Our Podcasting Gear
2019-06-30 00:00:00 -0400
I’ve gotten some DMs from folks interested in starting their own podcast, and asking about the gear that we use on the podcast. I’ll post the gear we use, and then cover the gear I wish we were using :)
Lets start with my first camera, the Logitech C920. It’s been the workhorse for streamers for a while, and it’s pretty solid. Out of the box (I think) I didn’t need to install drivers, Windows 10 just recognized it and installed a compatible driver.
My only comment for this is that I had to install logitech’s control software to manage its autofocus and other fine tuning features. Getting a good balance and focus is critical if you’re going to be streaming your appearance.
I was hoping I could get by without using a real green screen like the Elgato collapsible chroma green screen, and it does decently well if you have a solid background like a monocolor wall or something behind you. I’ve got a U shaped desk which doesn’t lend itself well to the optimal kind of setup, which is why I ended up getting the greenscreen as well as this webcam.
Just as important as your camera is making sure you have good lighting. I use an Neewer dimmable 480 bead LED array which lets me adjust the lighting in the room to get the right balance.
Once you have your lighting, its just a matter of balancing the camera’s exposure and settings to ensure you have a good setup. If you’re using OBS for your streaming application you can add LUTs to further enhance your camera setup.
Due to my time with an artillary unit in the US Army, I’m partially deaf and sometimes have a hard time hearing certain frequencies, so having a decent headset can help overcome this. When we first started the podcast, I was using a Logitech G930 surround sound headset that I had originally purchased back in 2013, but as the battery in that headset eventually wore out it got handed over to Glytchtech to see if he could salvage it. I upgraded to a Logitech G933 surround sound headset in 2017 and have been using it ever since.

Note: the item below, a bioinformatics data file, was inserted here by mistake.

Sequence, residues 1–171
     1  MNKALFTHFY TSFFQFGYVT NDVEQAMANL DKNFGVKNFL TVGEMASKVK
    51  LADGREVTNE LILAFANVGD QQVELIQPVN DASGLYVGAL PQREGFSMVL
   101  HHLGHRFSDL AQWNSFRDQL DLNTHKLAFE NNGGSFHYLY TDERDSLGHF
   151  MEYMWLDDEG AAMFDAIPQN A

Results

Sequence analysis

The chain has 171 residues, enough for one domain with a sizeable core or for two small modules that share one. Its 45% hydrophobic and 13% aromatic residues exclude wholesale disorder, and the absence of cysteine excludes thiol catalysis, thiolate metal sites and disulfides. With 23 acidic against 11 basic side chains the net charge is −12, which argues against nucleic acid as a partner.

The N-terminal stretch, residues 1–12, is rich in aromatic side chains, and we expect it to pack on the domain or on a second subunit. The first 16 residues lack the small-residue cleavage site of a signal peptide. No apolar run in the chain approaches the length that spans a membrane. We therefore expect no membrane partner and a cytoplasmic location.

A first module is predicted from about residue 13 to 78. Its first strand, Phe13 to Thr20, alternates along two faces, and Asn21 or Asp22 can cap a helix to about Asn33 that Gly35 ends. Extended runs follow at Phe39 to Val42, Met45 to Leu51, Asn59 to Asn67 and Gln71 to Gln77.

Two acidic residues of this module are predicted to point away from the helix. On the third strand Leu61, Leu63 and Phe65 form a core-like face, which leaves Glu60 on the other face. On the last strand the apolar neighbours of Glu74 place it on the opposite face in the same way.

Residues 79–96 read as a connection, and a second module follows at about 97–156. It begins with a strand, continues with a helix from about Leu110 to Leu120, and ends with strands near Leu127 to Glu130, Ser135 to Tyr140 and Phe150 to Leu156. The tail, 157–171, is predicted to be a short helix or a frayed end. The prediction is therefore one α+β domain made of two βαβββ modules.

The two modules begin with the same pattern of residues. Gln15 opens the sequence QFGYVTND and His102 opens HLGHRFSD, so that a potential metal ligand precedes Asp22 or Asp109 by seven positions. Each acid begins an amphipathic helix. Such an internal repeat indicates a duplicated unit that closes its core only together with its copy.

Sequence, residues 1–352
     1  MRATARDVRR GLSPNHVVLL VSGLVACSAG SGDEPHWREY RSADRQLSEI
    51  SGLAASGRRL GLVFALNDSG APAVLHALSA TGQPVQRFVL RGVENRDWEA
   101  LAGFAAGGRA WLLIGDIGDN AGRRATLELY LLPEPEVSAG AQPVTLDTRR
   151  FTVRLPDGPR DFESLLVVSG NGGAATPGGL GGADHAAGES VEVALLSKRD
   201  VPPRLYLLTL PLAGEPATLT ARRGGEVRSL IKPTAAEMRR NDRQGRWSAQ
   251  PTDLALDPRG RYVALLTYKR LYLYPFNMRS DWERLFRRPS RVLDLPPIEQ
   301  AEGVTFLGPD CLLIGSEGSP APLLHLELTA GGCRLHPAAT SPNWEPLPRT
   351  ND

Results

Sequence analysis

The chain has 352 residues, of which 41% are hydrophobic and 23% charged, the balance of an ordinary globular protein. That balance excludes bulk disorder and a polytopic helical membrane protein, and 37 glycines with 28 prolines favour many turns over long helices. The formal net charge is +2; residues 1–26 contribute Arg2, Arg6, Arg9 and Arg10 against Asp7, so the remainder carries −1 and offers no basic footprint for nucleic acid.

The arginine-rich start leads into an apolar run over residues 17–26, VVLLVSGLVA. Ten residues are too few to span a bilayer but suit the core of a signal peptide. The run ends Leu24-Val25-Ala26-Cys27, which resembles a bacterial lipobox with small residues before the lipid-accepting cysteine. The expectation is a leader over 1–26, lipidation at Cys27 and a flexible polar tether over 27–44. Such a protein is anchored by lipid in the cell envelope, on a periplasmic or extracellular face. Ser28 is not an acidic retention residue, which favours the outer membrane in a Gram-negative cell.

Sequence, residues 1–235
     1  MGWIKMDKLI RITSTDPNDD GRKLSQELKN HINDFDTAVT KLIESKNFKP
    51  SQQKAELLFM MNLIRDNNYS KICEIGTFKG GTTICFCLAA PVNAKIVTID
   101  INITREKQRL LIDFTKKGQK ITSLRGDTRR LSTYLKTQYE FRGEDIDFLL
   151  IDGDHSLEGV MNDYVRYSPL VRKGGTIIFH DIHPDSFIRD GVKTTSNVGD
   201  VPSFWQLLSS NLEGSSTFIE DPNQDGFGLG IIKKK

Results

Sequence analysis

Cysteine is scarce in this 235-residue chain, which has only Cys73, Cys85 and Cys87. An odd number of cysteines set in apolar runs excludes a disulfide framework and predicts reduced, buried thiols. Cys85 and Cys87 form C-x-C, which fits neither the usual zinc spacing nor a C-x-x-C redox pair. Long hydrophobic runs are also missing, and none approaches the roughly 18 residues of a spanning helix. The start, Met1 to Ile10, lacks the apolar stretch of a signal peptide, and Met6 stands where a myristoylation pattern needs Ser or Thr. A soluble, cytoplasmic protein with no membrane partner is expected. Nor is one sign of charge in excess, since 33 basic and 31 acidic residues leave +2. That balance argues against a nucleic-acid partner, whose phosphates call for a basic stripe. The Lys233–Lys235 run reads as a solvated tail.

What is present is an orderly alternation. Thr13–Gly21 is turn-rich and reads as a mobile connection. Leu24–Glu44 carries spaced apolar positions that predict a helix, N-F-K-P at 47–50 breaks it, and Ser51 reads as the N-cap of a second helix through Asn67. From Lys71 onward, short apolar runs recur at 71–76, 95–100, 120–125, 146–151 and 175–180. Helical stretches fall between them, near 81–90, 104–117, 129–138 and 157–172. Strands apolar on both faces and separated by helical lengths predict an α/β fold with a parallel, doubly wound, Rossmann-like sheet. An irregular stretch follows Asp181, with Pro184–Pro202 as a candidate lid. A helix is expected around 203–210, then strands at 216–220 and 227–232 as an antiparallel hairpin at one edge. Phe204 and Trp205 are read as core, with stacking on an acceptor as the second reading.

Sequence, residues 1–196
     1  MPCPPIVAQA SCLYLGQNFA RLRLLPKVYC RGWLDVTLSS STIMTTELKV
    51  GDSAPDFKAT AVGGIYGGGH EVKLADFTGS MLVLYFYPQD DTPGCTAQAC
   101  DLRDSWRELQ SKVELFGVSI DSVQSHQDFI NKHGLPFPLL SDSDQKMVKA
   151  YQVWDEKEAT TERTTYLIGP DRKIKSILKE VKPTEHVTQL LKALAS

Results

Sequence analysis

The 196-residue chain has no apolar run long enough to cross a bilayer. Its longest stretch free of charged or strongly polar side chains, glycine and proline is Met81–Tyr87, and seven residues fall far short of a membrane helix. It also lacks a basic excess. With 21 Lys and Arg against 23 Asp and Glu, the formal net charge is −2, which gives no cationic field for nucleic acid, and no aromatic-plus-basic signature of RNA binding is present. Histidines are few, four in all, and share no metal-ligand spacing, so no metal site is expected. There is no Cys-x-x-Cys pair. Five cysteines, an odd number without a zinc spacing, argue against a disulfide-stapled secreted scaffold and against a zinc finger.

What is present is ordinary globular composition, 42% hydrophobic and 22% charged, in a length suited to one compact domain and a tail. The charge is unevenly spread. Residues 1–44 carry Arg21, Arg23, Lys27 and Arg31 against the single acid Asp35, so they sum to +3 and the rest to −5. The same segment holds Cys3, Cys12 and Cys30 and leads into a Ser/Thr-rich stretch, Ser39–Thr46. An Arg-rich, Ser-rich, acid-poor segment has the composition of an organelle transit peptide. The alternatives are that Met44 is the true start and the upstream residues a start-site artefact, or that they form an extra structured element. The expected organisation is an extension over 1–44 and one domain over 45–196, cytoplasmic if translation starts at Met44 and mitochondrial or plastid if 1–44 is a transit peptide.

This headset has been my daily driver for the last two years, and has been problem free and crystal clear. My only complaint is that the battery in the G933 doesn’t last as long as the G930 did, but it does last several hours, which is more than long enough to do the podcast.
For a podcaster or streamer, a microphone is one of the most important, if not THE most important, piece of equipment. This is not something you can skimp on. Poor audio quality was identified as the biggest reason a viewer or listener would stop tuning in. I shopped this out for a long while, looking at the BlueYeti USB condenser mic and a couple others, but eventually settled on the Audio-Technica AT2020USB PLUS Cardioid Condenser USB Microphone.
If you’re going to use a condenser mic, realize that its decent for the price range, but out of the box it will pick up EVERYTHING that happens in the recording room or even adjacent rooms. If you burp, if your dog farts, if someone in the other room sneezes, if a baby cries on the foor above you (this happened on several episodes, I’m so sorry!), your condenser mic WILL pick it up. Filtering this out via software in post-production is VERY difficult and imperfect. You’ll want to ensure you don’t record background sounds like these in the first place.